Many of these grains of sand are not the most important thing for us but are based on the priorities and expectations of others.  And since they are immediately in front of us, we do them, filling our jar with small rocks and sand.  Then when the fire drills are over, when we are drained and exhausted, we try to do those important but not urgent “big rocks.”  And guess what?   Not many of them get done.

Put first things first

The key is to proactively identify the most important things, those things that if done regularly will make a tremendous positive difference in your life.  Identify those big rocks and proactively schedule them in your week FIRST.  Protect that time as you would a meeting with an important client or a job interview.  Then leave time in your week for following up on the urgent matters that will still come up.

For many, just thinking about this metaphor is enough to start putting first things first.  But some of you might be saying, “But EVERYTHING I do is important!”  If it feels that way to you then try this exercise:

Urgent vs. Important

For a week, track how you spend your time.  Put all of your activities on a grid showing each activity’s importance and urgency as follows:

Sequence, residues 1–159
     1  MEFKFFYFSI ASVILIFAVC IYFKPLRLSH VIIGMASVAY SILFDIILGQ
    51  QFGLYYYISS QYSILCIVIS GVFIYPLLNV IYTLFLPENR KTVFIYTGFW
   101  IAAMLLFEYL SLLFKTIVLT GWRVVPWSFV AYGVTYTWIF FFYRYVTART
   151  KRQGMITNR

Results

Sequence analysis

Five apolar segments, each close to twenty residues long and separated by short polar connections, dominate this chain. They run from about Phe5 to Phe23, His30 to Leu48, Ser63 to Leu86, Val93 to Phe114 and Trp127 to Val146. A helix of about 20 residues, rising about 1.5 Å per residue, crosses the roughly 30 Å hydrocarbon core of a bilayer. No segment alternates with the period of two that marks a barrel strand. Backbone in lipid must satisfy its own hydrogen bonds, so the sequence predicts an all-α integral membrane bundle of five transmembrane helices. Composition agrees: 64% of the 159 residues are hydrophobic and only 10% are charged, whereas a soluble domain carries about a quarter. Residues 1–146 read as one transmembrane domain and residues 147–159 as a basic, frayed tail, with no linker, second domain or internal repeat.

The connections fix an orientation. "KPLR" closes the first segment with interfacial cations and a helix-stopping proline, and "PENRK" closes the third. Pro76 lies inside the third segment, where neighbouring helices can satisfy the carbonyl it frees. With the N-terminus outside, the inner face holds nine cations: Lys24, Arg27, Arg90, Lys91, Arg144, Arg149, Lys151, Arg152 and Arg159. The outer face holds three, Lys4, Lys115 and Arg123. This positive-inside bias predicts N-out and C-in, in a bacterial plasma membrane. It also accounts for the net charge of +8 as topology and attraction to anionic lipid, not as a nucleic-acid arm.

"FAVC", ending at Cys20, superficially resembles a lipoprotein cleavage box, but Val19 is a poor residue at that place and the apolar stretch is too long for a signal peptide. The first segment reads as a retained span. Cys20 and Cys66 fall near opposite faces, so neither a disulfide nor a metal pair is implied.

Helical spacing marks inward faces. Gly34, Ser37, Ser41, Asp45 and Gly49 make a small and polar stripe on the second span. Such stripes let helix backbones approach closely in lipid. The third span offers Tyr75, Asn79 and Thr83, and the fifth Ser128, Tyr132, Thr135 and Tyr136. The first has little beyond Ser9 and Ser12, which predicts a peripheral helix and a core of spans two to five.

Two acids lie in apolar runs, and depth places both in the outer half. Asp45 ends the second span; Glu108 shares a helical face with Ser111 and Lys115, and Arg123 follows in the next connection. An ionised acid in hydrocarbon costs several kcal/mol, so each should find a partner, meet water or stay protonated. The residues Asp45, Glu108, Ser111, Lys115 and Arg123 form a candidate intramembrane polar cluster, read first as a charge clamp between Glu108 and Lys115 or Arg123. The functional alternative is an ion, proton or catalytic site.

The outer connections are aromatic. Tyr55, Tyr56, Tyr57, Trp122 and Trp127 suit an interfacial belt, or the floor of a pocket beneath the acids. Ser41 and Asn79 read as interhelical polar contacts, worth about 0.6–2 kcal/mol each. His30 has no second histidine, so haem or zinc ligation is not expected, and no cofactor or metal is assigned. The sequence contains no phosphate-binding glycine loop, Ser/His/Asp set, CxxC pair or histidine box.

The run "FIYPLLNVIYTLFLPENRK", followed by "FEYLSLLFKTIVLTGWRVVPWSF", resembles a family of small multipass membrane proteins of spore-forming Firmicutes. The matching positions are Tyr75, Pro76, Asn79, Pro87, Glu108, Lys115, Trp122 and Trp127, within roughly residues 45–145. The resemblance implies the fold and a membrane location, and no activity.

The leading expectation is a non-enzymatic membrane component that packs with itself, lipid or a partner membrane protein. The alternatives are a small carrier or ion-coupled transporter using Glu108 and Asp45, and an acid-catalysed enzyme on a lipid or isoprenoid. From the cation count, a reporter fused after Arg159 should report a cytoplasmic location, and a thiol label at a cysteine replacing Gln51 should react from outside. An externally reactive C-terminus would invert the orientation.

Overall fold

Be honest about what is in Quadrant 4 – the non-urgent, non-important section.  This is the easiest place to find room for your Quadrant 2 “big rocks.”  Replace as much mindless channel or web surfing and endless Facebook updates with activities from your happiness list.  We often fall into non-urgent, non-important activities because we haven’t figured out what really makes us happy or haven’t made it easy to do.   Now that you are armed with your own happiness list, you can take advantage of this found time.

Now also look at what you listed in Quadrant 1.  What are truly your priorities — those that align with your values, your principles, your chosen roles — and which are other people’s priorities?  Again, be honest, look at each item and weigh its value to you and who you want to be.  What if you kept it on the list but did it less often?  Are there responsibilities that you can let go of?  When you take care of yourself first, you’ll have more capacity and energy to help others.

By defining those things that make you happy (your big rocks) and prioritizing them in your schedule, you are taking a huge step towards increasing your positivity ratio and moving your life into flourishing.

Eric Karpinski
The Happiness Coach


P.S.  Hey Los Angelenos – I’m bringing the Science of Happiness Workshop to two locations near you.  I’ll be at:

Come join us, or if you have friends in LA who might be interested in coming, forward them this information.


P.P.S .  If you want to receive these happiness infusion posts directly to your inbox, sign up in the upper right of this page.

Finding time to do what makes YOU happy

Last week we created a Happiness List and did at least one thing on the list.  Go and grab your list now.  (If you skipped the exercise, go here, do the exercise and then come back.)   This week, we’ll make our Happiness List come to life.

Step 1: Expand Your List